Digging Or Your Dog the Gardener!
by Debbie Waller
Dogs dig for many reasons, and sometimes it helps to pin down the right reason before you take steps to alter his habits. I’ve used “he” to refer to the dog throughout this article but most of the points apply equally well to bitches. The only one that doesn’t is hormones. If your dog is male and there is a bitch in season near by, he may be trying to escape from your garden by tunnelling. If your dog is female, especially if she has recently had her first season, she may be showing “nesting” behaviour. If this gets very frantic you need to have her checked out by a vet in case she requires medical treatment to help her get over it. Either male or female hormone-inspired digging can be reduced by neutering. Otherwise, the reason your dog digs is most likely the simplest explanation — he is a dog. It’s very normal and natural behaviour and many of them go through at least a short time where they do it regularly. If he’s a puppy, he may grow out of the digging as he gets older (my own puppy is nearly twelve months at the time of writing; he hardly digs at all, having been a very keen “gardener” at first). You could try waiting him out, or you could read on.
If it’s a very recent habit in an adult dog, especially if it only happens in one place, then probably something specific happened to start him off and you may be able to distract him out of it again. Check that there isn’t a toy or bone buried in the spot, or that rabbits haven’t made a home there. If there’s nothing you can see that might be encouraging him, try spraying it with a deterrent spray. These are usually used to stop puppies chewing indoors but can also put them off particular areas outside. It might also help to block his access to the spot for a while till he gets out of the habit. A pile of large stones or rocks, or a temporary wire netting fence round his favourite digging pit may do the trick.
If he is adult and it’s a long standing habit (or if you try all the ideas above and he simply moves to a new spot) it’s easier to limit his activities than to prevent them altogether. Digging is, as we said, a natural doggy behaviour.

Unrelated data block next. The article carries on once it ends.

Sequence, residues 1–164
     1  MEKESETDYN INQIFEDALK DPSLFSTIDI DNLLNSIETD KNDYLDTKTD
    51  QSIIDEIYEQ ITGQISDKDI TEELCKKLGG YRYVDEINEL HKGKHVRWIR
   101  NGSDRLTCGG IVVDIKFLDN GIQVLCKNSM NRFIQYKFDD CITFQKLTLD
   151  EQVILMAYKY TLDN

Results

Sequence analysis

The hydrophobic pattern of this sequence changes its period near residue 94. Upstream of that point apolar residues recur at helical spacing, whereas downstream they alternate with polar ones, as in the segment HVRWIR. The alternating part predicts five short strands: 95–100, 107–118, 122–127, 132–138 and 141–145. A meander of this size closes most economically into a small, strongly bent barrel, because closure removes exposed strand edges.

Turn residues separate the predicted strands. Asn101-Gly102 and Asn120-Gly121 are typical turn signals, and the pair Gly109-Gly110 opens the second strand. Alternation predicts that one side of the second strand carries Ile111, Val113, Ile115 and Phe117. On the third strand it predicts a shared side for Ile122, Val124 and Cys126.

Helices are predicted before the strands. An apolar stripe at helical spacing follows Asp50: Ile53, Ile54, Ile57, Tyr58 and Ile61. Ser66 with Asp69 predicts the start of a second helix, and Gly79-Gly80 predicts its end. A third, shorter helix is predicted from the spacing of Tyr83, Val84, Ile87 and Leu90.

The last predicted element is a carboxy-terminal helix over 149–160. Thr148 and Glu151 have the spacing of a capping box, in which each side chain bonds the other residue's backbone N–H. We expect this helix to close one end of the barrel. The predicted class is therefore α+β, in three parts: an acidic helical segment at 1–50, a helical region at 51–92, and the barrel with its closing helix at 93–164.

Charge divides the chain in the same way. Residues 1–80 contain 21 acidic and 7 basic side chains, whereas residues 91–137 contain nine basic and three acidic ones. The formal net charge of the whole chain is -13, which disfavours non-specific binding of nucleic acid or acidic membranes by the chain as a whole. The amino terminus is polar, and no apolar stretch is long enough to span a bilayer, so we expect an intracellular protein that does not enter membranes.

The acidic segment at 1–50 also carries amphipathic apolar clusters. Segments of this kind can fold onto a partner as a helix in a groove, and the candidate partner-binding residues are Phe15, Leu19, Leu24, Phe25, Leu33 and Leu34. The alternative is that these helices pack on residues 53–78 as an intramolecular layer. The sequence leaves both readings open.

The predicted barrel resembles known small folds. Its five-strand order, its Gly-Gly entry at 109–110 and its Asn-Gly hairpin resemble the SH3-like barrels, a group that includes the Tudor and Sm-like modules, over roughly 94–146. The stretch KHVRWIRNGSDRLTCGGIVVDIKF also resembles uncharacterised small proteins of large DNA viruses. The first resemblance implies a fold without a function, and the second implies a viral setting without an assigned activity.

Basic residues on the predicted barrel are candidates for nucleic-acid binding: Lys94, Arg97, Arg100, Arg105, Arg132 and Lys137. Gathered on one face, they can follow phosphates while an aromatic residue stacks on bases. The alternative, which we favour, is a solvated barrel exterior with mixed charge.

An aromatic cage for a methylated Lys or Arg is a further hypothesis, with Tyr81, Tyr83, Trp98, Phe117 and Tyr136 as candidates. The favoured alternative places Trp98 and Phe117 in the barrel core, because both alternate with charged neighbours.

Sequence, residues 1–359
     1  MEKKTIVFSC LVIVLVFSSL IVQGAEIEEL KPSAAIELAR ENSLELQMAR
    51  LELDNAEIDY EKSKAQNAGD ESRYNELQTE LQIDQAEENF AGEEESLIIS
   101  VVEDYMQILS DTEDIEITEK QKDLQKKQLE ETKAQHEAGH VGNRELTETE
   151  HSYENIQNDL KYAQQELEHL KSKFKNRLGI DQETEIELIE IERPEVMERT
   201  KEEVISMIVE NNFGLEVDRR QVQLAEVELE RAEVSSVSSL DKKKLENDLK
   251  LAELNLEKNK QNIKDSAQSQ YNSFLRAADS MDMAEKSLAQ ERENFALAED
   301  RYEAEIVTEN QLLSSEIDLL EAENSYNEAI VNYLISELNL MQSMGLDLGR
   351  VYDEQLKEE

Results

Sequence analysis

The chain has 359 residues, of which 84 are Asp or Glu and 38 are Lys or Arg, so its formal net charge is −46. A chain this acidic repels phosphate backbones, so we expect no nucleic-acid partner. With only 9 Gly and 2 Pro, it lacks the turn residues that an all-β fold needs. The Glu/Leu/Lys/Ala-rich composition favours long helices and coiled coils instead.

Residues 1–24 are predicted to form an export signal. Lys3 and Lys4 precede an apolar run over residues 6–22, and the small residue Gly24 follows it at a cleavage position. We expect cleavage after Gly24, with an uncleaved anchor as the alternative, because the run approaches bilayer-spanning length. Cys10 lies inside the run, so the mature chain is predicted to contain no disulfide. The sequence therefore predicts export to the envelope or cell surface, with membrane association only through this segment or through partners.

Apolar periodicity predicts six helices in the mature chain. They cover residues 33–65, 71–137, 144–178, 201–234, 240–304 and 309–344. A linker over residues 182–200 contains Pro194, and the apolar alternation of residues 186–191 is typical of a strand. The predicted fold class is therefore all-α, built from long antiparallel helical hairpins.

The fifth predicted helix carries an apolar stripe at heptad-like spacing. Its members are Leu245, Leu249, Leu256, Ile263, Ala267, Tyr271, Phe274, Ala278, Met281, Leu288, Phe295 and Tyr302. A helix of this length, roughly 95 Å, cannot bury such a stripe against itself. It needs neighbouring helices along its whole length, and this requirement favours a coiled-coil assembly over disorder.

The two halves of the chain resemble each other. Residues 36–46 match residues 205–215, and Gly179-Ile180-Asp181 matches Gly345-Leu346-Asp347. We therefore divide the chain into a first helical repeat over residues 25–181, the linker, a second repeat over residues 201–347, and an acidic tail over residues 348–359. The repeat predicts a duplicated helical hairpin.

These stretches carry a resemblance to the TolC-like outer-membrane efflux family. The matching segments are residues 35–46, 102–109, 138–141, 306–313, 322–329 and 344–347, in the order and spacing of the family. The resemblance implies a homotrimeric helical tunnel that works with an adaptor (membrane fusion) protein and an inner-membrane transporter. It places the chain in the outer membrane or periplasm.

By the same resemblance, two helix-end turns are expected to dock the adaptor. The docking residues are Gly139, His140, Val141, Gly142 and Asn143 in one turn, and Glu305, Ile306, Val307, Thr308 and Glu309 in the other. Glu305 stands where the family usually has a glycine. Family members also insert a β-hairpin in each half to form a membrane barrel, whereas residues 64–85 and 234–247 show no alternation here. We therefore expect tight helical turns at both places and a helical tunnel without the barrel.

Try giving him a small area in the garden where it’s OK to dig and nose about. Dig out the plants and put in loose earth or sand, then bury a couple of biscuits in it. Let him see you the first time so he knows the food is there. Tell him he’s good when he digs it out. Refill the area with biscuits, toys or bones every few days and praise him when he finds them.
He should soon realise that digging in his corner gets your approval and some treats. This will encourage him to dig there rather than elsewhere. If he begins to lose interest in digging later, just put progressively fewer treats in the area until he doesn’t bother going there any more.
If it is impossible to give him a digging area, vigilance is the only answer.
For a while, you will have to go out with him every time he goes, and stay out until he comes back in. Watch him so he can never start to dig unobserved. When you spot him starting, interrupt the behaviour, call him away or distract him with a toy and praise him. Hopefully in time you might break the habit.
A final word — but you knew this already, of course — NEVER try to put him off digging by burying sharp objects where he’s likely to dig.
Copyright to Debbie Waller of www.padsonline.org and www.dog-behaviour.com